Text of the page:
I was outside quite early but quickly became engrossed with tying up sweet peas around the fruit cage. I am holding my breath with these sweet peas, so far they are looking good, which is a massive relief considering the work that went into planting them. They look healthy and quite a few are flowering and there are some beautiful varieties. I think they appreciated the compost filled trench they were planted into, I think they also like the netting of the cage behind them for support and they've definitely enjoyed the rain. They are the best 'outdoor' sweet peas I've ever managed to grow, so now I just need to keep them going. I've been meaning to tie in any stems that need support, for some time, but it is a fiddly job. In the end I'm there for nearly two hours, whilst doing this job I also take out any obvious large weeds from the beds surrounding the fruit cage. A constant dilemma I face is correctly prioritising jobs... it is so tempting to start weeding or tidying up where I'm working but there is almost always something more important to do and I have to stop myself from being distracted. Some weeding does become essential like around the young onions or the buried celery and celeriac, but most of it can wait.
Before I started tidying the sweet peas I had extricated two root containers of dwarf French beans from the middle of the tomato bed that needed planting out, by the time I returned, they had started to droop, probably because they had partly rooted themselves in the polytunnel bed and I had upset their roots, so I hurried to plant them around the edge of the Borlotti Bean bed, using up the spare space. It is unbelievable that even with 56 raised beds I sometimes struggle to find room for everything!
I then return to the polytunnel to water it, and realise that the tomato plants have grown so much that they need tying up as well - when you water them they fall over! This takes almost half an hour - you can spend all day watering, dead-heading and tying thing up if you are not careful!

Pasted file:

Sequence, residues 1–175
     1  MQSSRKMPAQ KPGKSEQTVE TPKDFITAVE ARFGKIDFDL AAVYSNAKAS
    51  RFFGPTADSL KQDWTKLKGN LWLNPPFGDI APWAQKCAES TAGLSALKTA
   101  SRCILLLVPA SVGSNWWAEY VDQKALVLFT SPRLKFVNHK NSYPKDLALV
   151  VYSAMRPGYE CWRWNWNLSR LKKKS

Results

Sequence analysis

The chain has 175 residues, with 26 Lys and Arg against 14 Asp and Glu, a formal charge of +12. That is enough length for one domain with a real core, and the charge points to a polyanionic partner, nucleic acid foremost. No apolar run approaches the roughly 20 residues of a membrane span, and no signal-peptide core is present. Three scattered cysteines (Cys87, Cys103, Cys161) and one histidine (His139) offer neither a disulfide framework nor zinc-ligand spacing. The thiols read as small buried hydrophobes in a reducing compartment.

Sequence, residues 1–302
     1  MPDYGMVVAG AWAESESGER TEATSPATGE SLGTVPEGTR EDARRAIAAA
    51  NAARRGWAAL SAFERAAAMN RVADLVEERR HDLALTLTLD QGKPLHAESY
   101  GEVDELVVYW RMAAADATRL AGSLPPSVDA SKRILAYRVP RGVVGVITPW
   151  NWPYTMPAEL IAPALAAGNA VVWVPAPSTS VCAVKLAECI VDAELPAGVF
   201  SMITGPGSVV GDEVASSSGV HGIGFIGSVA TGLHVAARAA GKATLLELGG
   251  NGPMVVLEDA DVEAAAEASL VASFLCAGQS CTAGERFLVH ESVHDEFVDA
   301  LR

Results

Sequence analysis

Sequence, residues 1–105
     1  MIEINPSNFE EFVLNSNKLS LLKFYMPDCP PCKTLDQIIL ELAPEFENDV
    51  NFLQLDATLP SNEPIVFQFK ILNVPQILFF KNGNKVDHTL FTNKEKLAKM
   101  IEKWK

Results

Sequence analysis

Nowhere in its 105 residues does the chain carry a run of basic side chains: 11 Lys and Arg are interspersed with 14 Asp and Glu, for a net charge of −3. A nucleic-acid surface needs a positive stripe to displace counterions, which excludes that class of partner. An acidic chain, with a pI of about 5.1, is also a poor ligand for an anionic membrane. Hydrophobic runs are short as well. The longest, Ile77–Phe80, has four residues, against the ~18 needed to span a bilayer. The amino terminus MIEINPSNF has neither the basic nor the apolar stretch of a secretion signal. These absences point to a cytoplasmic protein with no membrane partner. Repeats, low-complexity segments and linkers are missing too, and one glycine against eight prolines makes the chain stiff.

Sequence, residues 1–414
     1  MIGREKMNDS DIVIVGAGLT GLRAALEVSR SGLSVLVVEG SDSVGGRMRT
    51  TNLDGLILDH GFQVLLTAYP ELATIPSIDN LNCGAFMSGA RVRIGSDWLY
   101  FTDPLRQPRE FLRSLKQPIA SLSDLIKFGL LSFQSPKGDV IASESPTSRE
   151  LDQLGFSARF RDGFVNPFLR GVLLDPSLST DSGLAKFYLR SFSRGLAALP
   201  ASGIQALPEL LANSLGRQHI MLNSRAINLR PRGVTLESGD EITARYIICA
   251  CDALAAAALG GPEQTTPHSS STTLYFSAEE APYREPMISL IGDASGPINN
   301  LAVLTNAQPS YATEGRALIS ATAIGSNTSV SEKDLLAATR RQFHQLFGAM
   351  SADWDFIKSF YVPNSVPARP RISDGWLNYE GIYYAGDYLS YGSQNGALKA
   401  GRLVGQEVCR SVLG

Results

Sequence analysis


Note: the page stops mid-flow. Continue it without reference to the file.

I then retrieve a root trainer of Edamame beans and a root trainer of soya beans - are they the same plant but different varieties - yes, the Edamame beans are a type of soya bean. I plant them round my bamboo cane 'pop-up tents' although I'm not sure they will need support. I then planted the purple Kohl Rabi - a wonderful plant that is so curious looking, it looks like an alien landed from another planet! Again, these were squeezed into a spare corner at the end of the broccoli and Chinese cabbage bed.
Whilst in the brassica area I notice a very persistent pair of cabbage white butterflies who very annoyingly do not seem fooled by my plastic decoy butterflies. This might be because the day is very still and my plastic butterflies threaded on fishing line across the beds are motionless. It was such a lovely idea to think that I might succeed in deterring Cabbage Whites with my little plastic butterflies and I'm very disappointed to think it hasn't worked. In fairness, I think it has been partially successful because I think it has reduced Cabbage White activity. I will now have to use the best organic gardeners weapon - my eyes - to keep a look out for eggs and caterpillars.
I finish the day before departing for two rehearsals, St Mary's Youth Choir followed by Trinity Orchestra, by starting to weed the lettuce beds in preparation for planting out the new lettuces.